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Book Chapter: Effects of video triggers on the PBL process

TitleEffects of video triggers on the PBL process
Authors
KeywordsMedical Student
Problem Identification
Critical Thinking
Problem Description
Real Patient
Issue Date2012
PublisherSpringer
Citation
Effects of video triggers on the PBL process. In Bridges S... (et al) (Eds.), Problem-based learning in clinical education: The next generation, p. 139-150. Dordrecht: Springer, 2012 How to Cite?
AbstractIn medical problem-based learning (PBL), video cases appear to be welcomed by students and facilitators. However, it has been proposed that junior medical students without much clinical experience may focus more on problem identification and description, and consequently less on problem exploration, which is more important in the learning of problem solving in PBL (Hmelo-Silver, Educational Psychology Review, 16(3), 235–266, 2004). In order to find out if this occurs, we recorded, transcribed and coded the PBL sessions of a group of students and a facilitator working on a paper case and then on a video case. It was found that in the video case, when compared to the paper case, the students spent more of their discussion on problem identification and less on problem description. The percentage of transcript units in problem identification and description was actually lower in the video-triggered case than in the paper-triggered case. Moreover, the percentage of transcript units in problem exploration was higher in the video-trigger case than in the paper-triggered case. In conclusion, there is no evidence to suggest that video triggers would act as a distraction to the learning of critical thinking and problem-solving skills even in junior medical students with little clinical experience.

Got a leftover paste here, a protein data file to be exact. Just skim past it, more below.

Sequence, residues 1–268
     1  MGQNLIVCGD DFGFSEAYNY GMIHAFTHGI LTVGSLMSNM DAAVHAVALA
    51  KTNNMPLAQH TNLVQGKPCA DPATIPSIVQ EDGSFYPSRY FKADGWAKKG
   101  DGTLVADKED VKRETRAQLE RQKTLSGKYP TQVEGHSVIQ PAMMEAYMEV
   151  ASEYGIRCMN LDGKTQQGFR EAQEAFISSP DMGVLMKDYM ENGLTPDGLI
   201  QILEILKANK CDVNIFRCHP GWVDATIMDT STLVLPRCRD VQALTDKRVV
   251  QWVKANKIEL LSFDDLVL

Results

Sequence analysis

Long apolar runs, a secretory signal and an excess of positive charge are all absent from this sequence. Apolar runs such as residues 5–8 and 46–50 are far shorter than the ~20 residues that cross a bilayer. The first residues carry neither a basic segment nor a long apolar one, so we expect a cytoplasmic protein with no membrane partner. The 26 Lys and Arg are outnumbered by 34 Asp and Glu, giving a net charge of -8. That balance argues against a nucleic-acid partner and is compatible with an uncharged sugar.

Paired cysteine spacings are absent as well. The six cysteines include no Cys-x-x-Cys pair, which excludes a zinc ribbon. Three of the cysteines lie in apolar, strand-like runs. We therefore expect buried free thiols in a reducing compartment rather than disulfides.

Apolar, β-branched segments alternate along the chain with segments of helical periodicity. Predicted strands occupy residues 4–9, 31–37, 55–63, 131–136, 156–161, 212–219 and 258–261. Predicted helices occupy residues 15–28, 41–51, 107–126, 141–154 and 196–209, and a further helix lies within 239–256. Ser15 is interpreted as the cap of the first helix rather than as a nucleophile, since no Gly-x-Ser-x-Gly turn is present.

DescriptionInnovation and change in professional education: v. 8
Persistent Identifierhttp://hdl.handle.net/10722/153353
ISBN

 

DC FieldValueLanguage
dc.contributor.authorChan, LKen_US
dc.contributor.authorLu, Jen_US
dc.contributor.authorIp, MSMen_US
dc.contributor.authorYip, ALMen_US
dc.date.accessioned2012-07-16T10:08:23Z-
dc.date.available2012-07-16T10:08:23Z-
dc.date.issued2012en_US
dc.identifier.citationEffects of video triggers on the PBL process. In Bridges S... (et al) (Eds.), Problem-based learning in clinical education: The next generation, p. 139-150. Dordrecht: Springer, 2012-
dc.identifier.isbn9789400725140-
dc.identifier.urihttp://hdl.handle.net/10722/153353-
dc.descriptionInnovation and change in professional education: v. 8-
dc.description.abstractIn medical problem-based learning (PBL), video cases appear to be welcomed by students and facilitators. However, it has been proposed that junior medical students without much clinical experience may focus more on problem identification and description, and consequently less on problem exploration, which is more important in the learning of problem solving in PBL (Hmelo-Silver, Educational Psychology Review, 16(3), 235–266, 2004). In order to find out if this occurs, we recorded, transcribed and coded the PBL sessions of a group of students and a facilitator working on a paper case and then on a video case. It was found that in the video case, when compared to the paper case, the students spent more of their discussion on problem identification and less on problem description. The percentage of transcript units in problem identification and description was actually lower in the video-triggered case than in the paper-triggered case. Moreover, the percentage of transcript units in problem exploration was higher in the video-trigger case than in the paper-triggered case. In conclusion, there is no evidence to suggest that video triggers would act as a distraction to the learning of critical thinking and problem-solving skills even in junior medical students with little clinical experience.-
dc.languageengen_US
dc.publisherSpringeren_US
dc.relation.ispartofProblem-based learning in clinical education: The next generation-
dc.subjectMedical Student-
dc.subjectProblem Identification-
dc.subjectCritical Thinking-
dc.subjectProblem Description-
dc.subjectReal Patient-
dc.titleEffects of video triggers on the PBL processen_US
dc.typeBook_Chapteren_US
dc.identifier.emailChan, LK: lapki@hkucc.hku.hken_US
dc.identifier.emailLu, J: jingyan@hku.hken_US
dc.identifier.emailIp, MSM: msmip@hku.hken_US
dc.identifier.emailYip, ALM: amberyip@hku.hken_US
dc.identifier.authorityChan, LK=rp00536en_US
dc.identifier.authorityLu, J=rp00930en_US
dc.identifier.authorityIp, MSM=rp00347en_US
dc.identifier.doi10.1007/978-94-007-2515-7_9-
dc.identifier.hkuros201893en_US
dc.identifier.spage139en_US
dc.identifier.epage150en_US
dc.publisher.placeDordrecht-

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